The structures in Manifold Garden manipulate space in interesting ways. Look around you in just about any part of the game world and you’ll see what appear to be copies of a given structure. Similar to a reflection in multiple mirrors, you might think that you’re looking at separate things, but the game world isn’t governed by the laws of physics that most people take for granted, so what you’re actually seeing are different dimensions of the same structure. They’re not copies. You’ll hit the top if you fall off the bottom. (You might actually hit the side). This makes telling top from bottom pretty much impossible, but it breaks down the important distinction between inside and outside, too. They exist in more than one place at the same time, so regardless of where you are in the game world, you’re both inside and outside a given structure. This works in Manifold Garden, but it would make for some bad blueprints.

What exactly is the impact of this when it comes to creating order through architecture? Since they manipulate form and space almost past the point of creating order, the structures in Manifold Garden call into question the purpose of architecture as a practice and process. They challenge your assumptions about what architecture is even supposed to accomplish. This at least partly explains why wrapping your head around the structures in Manifold Garden is so much easier said than done. They manipulate form and space in ways that definitely break your mind, but they force you to reconsider the concept that architecture is meant to make the world around you more comprehensible, too. (Most people accept the idea that architecture creates order without ever having thought about it). Since people expect architecture to provide meaning, structures that aren’t clearly defined seem strangely unsettling. They keep you looking for something which isn’t there, so they come off as being kind of uncanny. They promise clarity but deliver confusion.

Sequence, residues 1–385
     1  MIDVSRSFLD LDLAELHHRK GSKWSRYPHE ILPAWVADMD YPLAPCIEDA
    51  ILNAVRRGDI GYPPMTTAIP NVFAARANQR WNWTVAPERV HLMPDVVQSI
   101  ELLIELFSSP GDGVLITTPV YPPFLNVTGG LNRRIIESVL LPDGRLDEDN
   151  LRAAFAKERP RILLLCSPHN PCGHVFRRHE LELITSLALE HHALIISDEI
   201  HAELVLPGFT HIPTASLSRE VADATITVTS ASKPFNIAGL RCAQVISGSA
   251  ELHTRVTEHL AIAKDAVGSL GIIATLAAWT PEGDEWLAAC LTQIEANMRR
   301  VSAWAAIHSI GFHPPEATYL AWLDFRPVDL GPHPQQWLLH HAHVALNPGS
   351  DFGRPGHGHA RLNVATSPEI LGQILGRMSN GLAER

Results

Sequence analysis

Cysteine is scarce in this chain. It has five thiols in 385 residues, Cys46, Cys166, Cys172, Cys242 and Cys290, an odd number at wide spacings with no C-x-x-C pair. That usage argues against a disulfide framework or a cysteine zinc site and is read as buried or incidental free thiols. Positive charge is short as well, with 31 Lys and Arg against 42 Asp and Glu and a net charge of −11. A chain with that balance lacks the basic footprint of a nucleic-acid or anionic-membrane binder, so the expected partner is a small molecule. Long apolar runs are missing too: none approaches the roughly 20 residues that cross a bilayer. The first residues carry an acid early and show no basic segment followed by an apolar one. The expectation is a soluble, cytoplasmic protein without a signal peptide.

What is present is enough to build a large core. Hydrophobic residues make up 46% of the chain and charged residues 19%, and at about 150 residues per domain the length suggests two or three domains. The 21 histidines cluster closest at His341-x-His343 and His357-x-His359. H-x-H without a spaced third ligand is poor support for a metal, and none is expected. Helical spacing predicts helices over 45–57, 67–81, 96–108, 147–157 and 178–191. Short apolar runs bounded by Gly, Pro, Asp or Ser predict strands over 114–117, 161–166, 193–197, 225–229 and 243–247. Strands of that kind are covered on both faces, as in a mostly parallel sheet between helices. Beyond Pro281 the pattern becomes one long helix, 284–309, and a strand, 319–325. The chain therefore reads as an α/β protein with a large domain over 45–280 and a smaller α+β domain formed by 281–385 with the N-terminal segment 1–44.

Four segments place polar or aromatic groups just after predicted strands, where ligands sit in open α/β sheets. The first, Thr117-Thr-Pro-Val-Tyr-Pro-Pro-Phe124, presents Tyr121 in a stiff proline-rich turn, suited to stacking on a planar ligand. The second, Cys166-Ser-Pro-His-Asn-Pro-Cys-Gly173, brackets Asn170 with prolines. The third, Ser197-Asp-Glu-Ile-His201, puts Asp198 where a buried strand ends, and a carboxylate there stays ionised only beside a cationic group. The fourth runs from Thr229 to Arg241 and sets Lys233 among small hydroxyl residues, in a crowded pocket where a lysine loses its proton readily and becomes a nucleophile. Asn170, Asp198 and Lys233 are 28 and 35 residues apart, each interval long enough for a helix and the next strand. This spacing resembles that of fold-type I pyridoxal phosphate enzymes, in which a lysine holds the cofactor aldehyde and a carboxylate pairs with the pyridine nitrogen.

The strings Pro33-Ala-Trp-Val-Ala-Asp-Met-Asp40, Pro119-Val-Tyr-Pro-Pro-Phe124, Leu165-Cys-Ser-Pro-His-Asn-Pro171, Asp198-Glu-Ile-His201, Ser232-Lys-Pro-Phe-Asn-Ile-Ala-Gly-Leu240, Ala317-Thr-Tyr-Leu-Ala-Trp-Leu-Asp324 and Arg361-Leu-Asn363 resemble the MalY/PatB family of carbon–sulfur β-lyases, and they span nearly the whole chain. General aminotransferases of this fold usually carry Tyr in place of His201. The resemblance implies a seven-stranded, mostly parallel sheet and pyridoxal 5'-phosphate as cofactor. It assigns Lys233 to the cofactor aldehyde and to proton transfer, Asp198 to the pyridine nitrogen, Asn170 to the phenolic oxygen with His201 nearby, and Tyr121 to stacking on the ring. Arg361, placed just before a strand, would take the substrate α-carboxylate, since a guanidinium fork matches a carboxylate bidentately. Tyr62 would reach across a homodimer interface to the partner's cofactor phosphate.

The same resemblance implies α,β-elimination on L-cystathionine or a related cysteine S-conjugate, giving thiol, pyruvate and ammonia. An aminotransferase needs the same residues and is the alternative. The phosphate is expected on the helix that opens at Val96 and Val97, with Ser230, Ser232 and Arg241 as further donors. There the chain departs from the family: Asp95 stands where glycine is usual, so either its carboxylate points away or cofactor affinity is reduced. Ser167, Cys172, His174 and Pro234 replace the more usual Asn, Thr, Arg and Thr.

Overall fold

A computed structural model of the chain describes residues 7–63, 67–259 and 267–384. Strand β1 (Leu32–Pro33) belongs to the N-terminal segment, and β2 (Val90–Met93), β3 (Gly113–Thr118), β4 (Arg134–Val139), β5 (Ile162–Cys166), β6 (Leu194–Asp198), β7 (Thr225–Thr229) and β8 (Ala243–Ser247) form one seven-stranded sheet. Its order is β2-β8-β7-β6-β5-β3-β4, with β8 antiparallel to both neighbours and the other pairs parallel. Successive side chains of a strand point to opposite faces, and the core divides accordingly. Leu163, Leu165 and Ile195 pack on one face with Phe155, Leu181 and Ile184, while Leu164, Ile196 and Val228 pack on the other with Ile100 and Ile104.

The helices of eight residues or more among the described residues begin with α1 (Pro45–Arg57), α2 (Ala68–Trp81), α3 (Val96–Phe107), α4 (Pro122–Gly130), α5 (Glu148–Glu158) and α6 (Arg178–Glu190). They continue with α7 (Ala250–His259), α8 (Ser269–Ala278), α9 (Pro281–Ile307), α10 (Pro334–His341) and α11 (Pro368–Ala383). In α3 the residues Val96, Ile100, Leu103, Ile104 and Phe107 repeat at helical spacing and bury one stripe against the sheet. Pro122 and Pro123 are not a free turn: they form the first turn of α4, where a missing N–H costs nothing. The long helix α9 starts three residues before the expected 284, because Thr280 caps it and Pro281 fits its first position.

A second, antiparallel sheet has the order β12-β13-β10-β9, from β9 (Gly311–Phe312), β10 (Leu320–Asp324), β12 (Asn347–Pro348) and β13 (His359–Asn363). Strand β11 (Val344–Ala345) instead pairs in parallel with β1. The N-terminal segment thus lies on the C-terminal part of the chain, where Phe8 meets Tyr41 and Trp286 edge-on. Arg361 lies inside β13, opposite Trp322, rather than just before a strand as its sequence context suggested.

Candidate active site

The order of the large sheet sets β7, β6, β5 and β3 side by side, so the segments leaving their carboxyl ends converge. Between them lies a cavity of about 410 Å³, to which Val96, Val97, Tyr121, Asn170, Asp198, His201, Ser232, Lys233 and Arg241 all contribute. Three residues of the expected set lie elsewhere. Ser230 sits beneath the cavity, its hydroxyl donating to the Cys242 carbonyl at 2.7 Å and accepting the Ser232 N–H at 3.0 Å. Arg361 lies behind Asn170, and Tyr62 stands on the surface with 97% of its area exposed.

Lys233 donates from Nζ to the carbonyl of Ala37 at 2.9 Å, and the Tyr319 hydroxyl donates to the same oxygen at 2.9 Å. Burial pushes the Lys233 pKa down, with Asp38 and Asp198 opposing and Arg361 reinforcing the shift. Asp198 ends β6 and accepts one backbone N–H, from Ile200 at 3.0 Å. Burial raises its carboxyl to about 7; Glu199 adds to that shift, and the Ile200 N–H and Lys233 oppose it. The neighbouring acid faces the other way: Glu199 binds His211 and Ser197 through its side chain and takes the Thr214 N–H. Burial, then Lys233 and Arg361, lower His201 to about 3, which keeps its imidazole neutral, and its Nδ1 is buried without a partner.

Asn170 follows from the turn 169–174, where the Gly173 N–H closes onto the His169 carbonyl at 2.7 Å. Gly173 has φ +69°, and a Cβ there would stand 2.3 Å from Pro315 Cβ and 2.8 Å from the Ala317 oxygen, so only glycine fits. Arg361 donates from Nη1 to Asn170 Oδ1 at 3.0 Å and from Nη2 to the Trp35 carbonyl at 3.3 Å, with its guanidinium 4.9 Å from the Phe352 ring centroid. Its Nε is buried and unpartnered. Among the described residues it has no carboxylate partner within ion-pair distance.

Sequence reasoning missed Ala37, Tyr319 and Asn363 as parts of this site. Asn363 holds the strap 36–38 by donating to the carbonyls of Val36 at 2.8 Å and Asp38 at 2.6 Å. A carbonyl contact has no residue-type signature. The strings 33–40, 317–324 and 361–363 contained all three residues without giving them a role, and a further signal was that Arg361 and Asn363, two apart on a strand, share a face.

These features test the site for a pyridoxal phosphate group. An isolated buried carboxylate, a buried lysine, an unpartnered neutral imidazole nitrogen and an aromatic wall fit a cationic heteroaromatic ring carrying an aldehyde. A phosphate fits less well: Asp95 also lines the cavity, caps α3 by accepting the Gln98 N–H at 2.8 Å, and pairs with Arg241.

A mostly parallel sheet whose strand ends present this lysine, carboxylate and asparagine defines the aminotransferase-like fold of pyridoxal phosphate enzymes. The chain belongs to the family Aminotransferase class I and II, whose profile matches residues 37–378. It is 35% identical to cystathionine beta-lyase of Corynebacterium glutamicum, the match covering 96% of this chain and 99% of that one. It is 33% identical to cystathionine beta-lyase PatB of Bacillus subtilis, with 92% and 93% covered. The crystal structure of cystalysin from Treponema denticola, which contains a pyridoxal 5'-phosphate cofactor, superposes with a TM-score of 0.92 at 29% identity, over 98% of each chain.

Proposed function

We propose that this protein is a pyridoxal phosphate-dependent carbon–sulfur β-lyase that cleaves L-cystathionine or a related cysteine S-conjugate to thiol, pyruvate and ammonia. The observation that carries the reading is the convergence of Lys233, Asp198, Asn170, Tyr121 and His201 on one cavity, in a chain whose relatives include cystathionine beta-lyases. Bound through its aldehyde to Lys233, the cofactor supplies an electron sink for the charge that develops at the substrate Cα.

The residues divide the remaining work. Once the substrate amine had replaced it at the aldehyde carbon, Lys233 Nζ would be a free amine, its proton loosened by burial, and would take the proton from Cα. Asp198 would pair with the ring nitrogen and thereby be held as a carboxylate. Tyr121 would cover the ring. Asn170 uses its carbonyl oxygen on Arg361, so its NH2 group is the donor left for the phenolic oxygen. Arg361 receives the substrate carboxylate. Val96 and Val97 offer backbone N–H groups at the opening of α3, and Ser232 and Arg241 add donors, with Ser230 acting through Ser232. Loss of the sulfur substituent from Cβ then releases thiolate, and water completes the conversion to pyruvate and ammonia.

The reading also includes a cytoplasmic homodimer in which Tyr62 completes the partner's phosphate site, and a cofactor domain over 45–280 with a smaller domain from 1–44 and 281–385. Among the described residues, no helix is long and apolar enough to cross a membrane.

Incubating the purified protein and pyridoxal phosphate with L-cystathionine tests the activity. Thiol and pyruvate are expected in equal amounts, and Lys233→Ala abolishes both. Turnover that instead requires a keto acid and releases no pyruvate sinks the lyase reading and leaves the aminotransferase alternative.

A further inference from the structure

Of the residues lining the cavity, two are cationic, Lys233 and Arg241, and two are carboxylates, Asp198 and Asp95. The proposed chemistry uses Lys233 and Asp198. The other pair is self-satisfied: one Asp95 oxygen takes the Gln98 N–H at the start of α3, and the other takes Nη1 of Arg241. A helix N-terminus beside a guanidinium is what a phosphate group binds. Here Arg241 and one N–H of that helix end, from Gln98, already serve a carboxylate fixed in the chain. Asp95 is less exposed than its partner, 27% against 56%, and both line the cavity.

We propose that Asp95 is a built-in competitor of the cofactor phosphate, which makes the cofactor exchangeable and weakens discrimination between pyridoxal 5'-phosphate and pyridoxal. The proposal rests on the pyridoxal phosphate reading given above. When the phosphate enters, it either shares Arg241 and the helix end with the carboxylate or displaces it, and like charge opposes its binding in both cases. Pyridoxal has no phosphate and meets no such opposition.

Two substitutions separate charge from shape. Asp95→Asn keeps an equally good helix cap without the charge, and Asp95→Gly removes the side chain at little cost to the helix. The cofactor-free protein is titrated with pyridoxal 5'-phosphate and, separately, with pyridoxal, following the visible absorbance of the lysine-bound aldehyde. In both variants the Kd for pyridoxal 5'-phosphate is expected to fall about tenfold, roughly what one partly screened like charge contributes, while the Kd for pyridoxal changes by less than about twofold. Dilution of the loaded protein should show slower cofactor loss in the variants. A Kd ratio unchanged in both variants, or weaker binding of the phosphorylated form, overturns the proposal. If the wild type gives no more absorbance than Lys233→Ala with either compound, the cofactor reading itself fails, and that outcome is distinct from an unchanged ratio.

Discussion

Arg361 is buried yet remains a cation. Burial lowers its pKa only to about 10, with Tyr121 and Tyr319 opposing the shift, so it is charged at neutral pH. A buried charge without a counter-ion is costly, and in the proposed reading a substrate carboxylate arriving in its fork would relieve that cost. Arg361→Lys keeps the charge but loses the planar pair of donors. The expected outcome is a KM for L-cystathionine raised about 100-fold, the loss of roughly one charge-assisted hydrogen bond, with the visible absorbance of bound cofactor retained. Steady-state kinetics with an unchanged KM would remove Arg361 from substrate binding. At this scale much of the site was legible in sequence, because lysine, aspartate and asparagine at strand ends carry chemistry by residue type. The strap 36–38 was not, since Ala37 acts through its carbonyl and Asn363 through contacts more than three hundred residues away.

What is architecture? Chyr explored this question in Manifold Garden by pushing the practice and process of architecture to its limits. Chyr manipulated form and space beyond anything which you’ll ever see on a blueprint by designing a game that defies the laws of physics. The result was a challenge to the concept of creating order through architecture. The majority of designers don’t do anything like this.

In contrast to Chyr, most designers have never taken the time to think about impossible architecture. They work in a purely digital medium, so they’re only limited by their imaginations when it comes to manipulating form and space, but only a few designers have actually gone beyond blueprints. Because technology hasn’t always been up to the task, there’s definitely a reason why it hasn’t happened, but it’s too bad that more games like Manifold Garden haven’t been made. The fact of the matter is that designers are in the perfect position to explore the possibility space of architecture. Since designers aren’t bound to blueprints, they can literally take things to a whole new dimension.


Justin Reeve is an archaeologist specializing in architecture, urbanism and spatial theory, but he can frequently be found writing about videogames, too. You can follow him on Twitter @JustinAndyReeve.